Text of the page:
PHOTOS BY TODD MAISEL
Costumed characters wait for customers in Times Square.
Nobody seems to want to take a double-decker bus tour of New York amid
Coronavirus empties ‘Crossroads of the World’
BY TODD MAISEL
The lights went out on Broadway
this past Thursday because of
new crowd capacity rules
in place to combat the spread of
coronavirus. The shutdown had
a ripple effect on all those who
depend on the tourists and local
crowds who visit the area and
spend their money.
Some of those especially affected
are the restaurants, bus
tour companies and their runners,
costumed characters awaiting a tip
from those wanting to take a photo.
Cab drivers are also in the dumps as few
people are riding to the area, and less to
Even the homeless who beg for a meager
living ask “Can you spare a buck?” — but
received fewer answers.
The coronavirus has virtually scared off
most of the normal crowds to the Times
Square area, with an untold number of
people dependent on income from the
neighborhood facing economic ruin.
Martin Clarke was trying to entice tourists
to take a ride on his double-decker bus. But
The Naked Cowboy won’t
let anything stop him from
bringing joy to passers by.
there were few takers.
“There’s just nobody out here – I
don’t know what is going to happen
if this keeps up,” Clarke said.
“I’m out here in the cold trying to get
people to take tours, and there is just
nobody who wants to go.”
Julie Metz sat in Times Square sipping a
cup of coffee by herself.
“It’s kind of nice to have the place to
myself, but it’s for the wrong reason –
that’s so sad,” she said.
Costumed characters were doing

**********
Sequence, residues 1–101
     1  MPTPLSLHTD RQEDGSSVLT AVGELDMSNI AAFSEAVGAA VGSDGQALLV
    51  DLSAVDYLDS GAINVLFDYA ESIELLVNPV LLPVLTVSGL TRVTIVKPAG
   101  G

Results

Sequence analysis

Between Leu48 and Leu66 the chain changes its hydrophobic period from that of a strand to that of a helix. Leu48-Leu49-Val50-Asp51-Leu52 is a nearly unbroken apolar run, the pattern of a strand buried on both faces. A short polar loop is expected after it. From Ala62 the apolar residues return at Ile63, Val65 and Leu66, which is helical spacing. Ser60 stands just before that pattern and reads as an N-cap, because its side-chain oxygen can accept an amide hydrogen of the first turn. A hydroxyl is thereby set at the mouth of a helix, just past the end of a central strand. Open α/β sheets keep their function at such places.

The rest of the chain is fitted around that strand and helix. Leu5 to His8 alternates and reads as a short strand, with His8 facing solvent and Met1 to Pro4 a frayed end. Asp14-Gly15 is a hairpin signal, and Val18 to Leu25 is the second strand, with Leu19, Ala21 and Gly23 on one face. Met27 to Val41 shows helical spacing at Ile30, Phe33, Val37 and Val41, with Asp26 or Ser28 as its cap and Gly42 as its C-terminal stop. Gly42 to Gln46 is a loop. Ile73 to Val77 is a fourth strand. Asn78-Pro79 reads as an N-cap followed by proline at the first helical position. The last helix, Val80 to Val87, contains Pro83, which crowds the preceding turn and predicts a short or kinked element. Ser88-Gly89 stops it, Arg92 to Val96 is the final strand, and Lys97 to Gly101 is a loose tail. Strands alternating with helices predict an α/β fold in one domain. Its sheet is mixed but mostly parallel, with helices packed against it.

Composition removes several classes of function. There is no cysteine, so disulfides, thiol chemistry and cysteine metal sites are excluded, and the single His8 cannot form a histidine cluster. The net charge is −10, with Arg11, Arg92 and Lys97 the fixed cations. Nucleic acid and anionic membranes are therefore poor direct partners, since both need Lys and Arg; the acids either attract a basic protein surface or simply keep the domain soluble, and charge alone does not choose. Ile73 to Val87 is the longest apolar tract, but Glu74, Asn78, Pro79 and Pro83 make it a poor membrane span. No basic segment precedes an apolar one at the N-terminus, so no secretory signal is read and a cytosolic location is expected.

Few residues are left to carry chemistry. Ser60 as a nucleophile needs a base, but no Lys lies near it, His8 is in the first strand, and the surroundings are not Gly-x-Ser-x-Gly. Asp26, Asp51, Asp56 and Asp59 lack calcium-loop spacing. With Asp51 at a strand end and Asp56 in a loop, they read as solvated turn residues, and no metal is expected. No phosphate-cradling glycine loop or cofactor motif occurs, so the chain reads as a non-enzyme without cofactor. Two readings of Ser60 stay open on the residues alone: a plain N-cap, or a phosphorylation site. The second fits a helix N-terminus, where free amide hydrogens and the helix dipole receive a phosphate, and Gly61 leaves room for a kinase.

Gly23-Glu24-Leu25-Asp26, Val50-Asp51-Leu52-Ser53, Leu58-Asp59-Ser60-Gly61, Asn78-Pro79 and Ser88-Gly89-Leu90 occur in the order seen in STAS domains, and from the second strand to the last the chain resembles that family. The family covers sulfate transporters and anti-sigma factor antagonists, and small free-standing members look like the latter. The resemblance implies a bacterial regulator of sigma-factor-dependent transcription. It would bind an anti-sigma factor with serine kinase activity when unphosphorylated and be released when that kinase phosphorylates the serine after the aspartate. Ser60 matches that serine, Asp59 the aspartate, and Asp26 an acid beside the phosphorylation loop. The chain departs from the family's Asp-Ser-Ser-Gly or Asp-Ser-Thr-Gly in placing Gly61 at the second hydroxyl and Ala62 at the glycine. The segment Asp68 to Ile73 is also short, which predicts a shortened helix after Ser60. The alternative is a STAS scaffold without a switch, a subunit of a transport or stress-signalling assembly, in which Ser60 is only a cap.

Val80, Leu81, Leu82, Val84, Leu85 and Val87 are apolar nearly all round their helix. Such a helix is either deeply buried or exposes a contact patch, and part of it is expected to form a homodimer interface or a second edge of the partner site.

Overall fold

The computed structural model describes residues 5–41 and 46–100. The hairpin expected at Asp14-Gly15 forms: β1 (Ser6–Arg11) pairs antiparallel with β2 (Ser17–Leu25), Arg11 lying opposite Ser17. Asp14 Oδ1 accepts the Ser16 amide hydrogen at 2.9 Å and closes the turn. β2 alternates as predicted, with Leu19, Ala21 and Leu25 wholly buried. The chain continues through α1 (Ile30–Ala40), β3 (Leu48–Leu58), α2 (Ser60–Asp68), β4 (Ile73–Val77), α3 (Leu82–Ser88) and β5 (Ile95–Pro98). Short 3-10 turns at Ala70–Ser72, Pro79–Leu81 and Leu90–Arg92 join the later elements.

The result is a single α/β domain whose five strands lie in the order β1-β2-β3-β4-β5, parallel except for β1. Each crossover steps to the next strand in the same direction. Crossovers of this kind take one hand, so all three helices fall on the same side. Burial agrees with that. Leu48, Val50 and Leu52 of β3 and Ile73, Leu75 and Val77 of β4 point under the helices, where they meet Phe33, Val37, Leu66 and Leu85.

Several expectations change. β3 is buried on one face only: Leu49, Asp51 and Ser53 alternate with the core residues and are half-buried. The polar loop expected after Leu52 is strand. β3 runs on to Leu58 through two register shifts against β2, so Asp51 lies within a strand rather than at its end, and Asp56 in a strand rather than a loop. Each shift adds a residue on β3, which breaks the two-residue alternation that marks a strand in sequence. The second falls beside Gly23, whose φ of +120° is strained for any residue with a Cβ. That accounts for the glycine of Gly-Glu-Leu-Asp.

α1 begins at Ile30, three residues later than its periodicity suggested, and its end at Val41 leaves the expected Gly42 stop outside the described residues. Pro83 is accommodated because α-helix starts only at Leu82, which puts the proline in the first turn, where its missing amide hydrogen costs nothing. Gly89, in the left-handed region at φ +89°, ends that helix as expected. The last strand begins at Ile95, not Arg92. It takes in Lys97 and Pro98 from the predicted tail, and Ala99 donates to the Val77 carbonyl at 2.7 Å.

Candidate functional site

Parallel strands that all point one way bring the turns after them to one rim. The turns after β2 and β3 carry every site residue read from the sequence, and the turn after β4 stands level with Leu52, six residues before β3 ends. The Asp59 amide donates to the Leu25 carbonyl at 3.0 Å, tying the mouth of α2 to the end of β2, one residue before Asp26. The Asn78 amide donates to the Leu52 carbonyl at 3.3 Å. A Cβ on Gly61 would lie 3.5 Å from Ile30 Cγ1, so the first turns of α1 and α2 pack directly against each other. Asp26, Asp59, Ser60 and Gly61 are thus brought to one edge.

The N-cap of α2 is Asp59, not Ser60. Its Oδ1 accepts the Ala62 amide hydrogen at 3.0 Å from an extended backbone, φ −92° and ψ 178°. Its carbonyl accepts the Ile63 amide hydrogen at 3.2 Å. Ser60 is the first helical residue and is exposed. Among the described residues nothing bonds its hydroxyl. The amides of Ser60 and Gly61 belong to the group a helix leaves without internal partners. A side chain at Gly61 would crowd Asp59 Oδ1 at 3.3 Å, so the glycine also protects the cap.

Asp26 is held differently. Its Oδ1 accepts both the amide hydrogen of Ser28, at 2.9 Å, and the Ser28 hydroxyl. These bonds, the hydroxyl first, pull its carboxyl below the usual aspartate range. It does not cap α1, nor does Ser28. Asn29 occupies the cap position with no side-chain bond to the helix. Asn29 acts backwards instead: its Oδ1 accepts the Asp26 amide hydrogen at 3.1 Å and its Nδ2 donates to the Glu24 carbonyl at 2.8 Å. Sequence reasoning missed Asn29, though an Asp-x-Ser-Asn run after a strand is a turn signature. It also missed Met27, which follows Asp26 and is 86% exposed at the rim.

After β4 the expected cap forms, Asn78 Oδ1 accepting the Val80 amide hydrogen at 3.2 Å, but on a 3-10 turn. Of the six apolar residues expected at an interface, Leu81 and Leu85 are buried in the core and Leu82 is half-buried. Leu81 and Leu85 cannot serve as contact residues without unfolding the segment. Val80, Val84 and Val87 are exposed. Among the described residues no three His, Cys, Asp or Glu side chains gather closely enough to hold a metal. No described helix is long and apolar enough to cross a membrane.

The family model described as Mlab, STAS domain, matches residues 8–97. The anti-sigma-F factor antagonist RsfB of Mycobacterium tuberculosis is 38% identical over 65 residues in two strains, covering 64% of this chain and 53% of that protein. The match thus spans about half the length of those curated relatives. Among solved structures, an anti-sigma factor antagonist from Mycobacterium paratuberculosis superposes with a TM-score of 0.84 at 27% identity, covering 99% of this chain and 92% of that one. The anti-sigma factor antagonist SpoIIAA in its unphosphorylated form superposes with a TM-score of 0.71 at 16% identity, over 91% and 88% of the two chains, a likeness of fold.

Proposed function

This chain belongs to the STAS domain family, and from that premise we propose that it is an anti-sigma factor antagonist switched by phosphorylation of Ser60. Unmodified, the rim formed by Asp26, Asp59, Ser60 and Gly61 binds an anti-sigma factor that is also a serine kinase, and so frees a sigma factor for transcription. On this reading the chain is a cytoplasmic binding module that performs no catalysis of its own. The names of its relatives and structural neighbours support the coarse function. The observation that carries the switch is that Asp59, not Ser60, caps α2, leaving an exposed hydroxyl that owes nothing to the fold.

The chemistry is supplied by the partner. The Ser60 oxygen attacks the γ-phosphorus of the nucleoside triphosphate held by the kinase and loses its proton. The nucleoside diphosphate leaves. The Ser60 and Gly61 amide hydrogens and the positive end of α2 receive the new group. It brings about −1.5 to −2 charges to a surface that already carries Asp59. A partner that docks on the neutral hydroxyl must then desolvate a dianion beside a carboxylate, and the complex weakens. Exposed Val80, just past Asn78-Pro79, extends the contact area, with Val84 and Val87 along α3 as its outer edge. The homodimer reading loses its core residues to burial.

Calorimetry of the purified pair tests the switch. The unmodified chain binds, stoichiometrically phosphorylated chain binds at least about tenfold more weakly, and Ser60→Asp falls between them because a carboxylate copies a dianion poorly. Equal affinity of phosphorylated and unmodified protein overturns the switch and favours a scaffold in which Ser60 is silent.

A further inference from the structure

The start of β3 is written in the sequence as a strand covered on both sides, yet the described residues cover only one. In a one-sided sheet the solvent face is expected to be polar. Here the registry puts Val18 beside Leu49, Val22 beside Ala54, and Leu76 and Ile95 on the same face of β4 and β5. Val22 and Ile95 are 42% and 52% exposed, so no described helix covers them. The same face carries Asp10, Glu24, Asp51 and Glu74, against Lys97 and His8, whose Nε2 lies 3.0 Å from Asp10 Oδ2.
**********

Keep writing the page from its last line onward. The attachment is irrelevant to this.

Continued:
their best to stir up business, but
there were few takers on a day that
should’ve been brisk for business,
rather than from the cold wind.
“I’m out here since this morning,
and I’ve made a dollar or two
the whole day,” said Minnie Mouse,
joined by Cookie Monster. “There
just isn’t many people out here. We
might as well go home, but I have to try,
Mohammed Ullah, a cabbie for 15
years, sat in his car, no fares to
because I have bills to pay.”
The infamous Naked Cowboy was playing
his guitar is his regular skivvies and
took a photo with one young woman – no
“If I’m out here saying the world is going
to win, and it doesn’t then I lose,”said the
Naked Cowboy. But I’m taking a gamble on
Lord God Jesus Christ and that everyone
will stay positive. I believe in life. I believe
it’s all going to work out.”
Standing next to him was a man identifi
ed as Mark, who was standing with
a sign saying “Don’t be afraid, put your
Ronnie G. says he’s fallen on even
trust in Jesus.” Few heard his Sunday street
“My message, I don’t believe in
crisis, I believe in Christ and the
word of God is powerful,” he
Mohammed Ullah, a cabbie
for 15 years sat in his car with
no fares and no prospects on
West 46th Street.
“It’s very sad, the city is very afraid
– empty, since 7 o’clock, I didn’t even
make 20 dollars, but my cost is $100 –
maybe I just go home,” sighed Ullah, an
immigrant to this country 24 years earlier.
“I like driving, many good people, nice
people, but now we have a mess,” Ullah
A homeless man named Ronnie G, 48,
who lives in a shelter in Brooklyn, held
his sign on 6th Avenue trying to get a few
dollars to survive. He said he was supposed
to go to church this morning.
“I tried to go to church in Long Island
City, and they come to with the BRC van
(Bowery Residents Committee) to go to the
Rock Church – they buy us a coffee, then
buy us a pizza,” Ronnie G said. “Today,
they didn’t even show up – they cancelled
church. How do you do that in America?
The Times Square plaza was empty.
Schneps Media March 19, 2020 15